Reviewed and revised 24 May 2014
Cellulitis is an uncomplicated non-necrotizing acute infection of the skin involving the hypodermis (mid-to-lower dermis and subcutaneous tissue) and spares deeper structures such as fascia and muscle.
- Streptococcus pyogenes
- Staphylococcus aureus
These risk factors confer a predisposition for cellulitis:
- Diabetes mellitus.
- Vascular insufficiency
- Peripheral vascular disease
- Chronic venous insufficiency
- Chronic lymphoedema
- loss of skin integrity, due to:
- Penetrating trauma (including retained foreign bodies)
- Insect or animal bites
- Chronic inflammatory dermatoses (such as psoriasis or eczema)
- Chronic skin infections (e.g. Tinea)
Cellulitis typically has these features
- Acute onset
- Painful erythematous area of inflamed skin (not elevated, ill defined demarcation boundary)
- tender and warm on palpation
- most common on the lower limbs
- rarely bilateral
If more severe
- Systemic features: fever and constitutional symptoms (e.g. headache, malaise, lethargy, anorexia)
Follows usual natural history
- progression of erythema +/- fever up to 72 hours after starting appropriate antibiotics
- erythema gradually resolves over weeks, discolouration persists for months in some cases
Risk factors may be present
- a superficial variant of cellulitis involving only the upper dermis and superficial cutaneous lymphatics.
- characterised by a well demarcated area of erythema raised above the level of the surrounding skin
- Deeper infections
- these are far more serious and may involve fascia (e.g. necrotizing fasciitis) or muscle (e.g. pyomyositis, clostridial myonecrosis/ gangrene)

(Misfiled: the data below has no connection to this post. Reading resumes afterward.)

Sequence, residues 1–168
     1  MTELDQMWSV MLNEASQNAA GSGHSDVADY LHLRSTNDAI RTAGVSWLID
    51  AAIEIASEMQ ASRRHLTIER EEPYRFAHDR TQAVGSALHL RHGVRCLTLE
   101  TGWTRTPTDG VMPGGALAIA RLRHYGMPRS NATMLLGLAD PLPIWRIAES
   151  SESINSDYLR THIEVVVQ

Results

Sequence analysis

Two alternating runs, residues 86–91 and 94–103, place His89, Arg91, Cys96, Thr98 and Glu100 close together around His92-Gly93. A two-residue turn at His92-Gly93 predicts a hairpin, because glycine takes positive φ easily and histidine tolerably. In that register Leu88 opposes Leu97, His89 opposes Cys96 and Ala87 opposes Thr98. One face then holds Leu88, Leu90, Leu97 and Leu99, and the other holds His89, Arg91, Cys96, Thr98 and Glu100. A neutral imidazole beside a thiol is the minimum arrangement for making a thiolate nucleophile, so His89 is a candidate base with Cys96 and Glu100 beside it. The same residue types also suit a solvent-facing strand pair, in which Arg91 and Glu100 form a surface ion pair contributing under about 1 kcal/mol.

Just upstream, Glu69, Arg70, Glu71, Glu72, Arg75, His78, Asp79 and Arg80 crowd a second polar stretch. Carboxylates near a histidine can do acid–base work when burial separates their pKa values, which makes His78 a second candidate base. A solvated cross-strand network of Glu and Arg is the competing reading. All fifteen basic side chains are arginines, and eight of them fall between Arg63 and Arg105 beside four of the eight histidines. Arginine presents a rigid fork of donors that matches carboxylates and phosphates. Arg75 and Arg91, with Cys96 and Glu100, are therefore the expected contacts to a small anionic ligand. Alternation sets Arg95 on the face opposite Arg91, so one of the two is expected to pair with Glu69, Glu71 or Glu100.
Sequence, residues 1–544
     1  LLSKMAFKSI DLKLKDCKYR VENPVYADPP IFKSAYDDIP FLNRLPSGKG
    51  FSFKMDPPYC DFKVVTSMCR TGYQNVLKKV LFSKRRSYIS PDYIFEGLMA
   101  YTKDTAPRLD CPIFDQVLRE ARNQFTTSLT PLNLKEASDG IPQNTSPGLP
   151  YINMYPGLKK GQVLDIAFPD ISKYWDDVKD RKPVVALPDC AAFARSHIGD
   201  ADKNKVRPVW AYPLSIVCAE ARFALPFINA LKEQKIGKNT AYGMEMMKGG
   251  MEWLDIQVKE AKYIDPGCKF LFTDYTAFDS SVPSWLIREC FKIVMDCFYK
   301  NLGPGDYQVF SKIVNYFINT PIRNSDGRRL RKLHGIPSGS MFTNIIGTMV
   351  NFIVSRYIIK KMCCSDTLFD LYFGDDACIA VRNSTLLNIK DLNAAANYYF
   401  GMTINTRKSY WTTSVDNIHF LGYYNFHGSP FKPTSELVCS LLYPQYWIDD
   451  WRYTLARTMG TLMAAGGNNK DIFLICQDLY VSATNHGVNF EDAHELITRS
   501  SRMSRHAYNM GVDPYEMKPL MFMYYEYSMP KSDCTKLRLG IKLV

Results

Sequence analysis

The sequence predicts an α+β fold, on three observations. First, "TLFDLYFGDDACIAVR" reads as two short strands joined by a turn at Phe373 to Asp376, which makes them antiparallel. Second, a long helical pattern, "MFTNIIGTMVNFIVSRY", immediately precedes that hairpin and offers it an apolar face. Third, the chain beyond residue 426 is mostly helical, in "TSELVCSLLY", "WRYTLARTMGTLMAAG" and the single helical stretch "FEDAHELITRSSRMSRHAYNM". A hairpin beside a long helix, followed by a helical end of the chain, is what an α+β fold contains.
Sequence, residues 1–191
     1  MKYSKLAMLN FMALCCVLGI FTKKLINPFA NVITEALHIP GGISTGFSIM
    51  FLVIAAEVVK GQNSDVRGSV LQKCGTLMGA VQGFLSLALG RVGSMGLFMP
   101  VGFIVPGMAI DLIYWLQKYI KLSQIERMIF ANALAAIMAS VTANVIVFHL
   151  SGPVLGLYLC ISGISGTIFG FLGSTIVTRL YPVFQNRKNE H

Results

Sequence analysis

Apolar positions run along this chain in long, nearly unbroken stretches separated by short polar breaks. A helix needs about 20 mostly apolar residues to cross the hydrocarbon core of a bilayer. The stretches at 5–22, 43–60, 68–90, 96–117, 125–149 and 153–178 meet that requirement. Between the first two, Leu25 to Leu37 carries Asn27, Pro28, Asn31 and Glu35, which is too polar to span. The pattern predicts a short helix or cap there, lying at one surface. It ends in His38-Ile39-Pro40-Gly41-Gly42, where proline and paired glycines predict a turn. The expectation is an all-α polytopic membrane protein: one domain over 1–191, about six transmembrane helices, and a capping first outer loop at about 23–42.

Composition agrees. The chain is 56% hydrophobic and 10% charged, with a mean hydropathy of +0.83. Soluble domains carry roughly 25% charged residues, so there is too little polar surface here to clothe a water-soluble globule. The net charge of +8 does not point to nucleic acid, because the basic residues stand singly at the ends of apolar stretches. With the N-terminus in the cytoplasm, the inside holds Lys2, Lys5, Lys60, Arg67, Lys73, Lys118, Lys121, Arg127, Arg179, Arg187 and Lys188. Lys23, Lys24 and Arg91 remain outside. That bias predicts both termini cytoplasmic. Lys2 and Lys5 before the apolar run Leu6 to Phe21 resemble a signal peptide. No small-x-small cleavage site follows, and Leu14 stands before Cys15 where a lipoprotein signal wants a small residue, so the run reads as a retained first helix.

- severe pain, systemically unwell, +/- subcutaneous crepitus, rapidly progressive
- chronic erythema and pain with episodic exacerbation in patients with venous insufficiency
- typically bilateral, lacks systemic features and not warm to touch
- stasis dermatitis
- contact dermatitis
- eosinophilic cellulitis (Well’s syndrome)
- papular urticaria
- fixed drug reactions
- Usually only needed systemically unwell, severe or uncertain of diagnosis
- FBE, CRP, UEC, glucose
- XR to exclude foreign body
- U/S to exclude foreign body, rule out abscess; may show marbling appearance of cellulitis, diagnose soft tissue gas forming infections
- CT/MRI if need to exclude fasciitis or myonecrosis (must not delay operative therapy if indicated)
- if indicated
Specific antibiotic therapy (Adjust does in renal/ hepatic dysfunction)
- oral antibiotics for uncomplicated cellulitis
- Flucloxacillin 1g q6h for 7-10d or cephalexin 1g q6h for 7-10d
- If immediate penicillin hypersensitivity: Clindamycin 450 mg orally 8 hourly, (7-10 days)
- IV Antibiotics for failure of oral antibiotics or complicated cases
- Flucloxacillin 1-2g IV q6h or Cephazolin 1-2g IV q8h
- If immediate penicillin hypersensitivity: Clindamycin 450 mg IV q8h or Vancomycin 1.5g IV q12h
Supportive care and monitoring
- Resting and elevating (where possible) the effected part; can consider the use of a POP backslab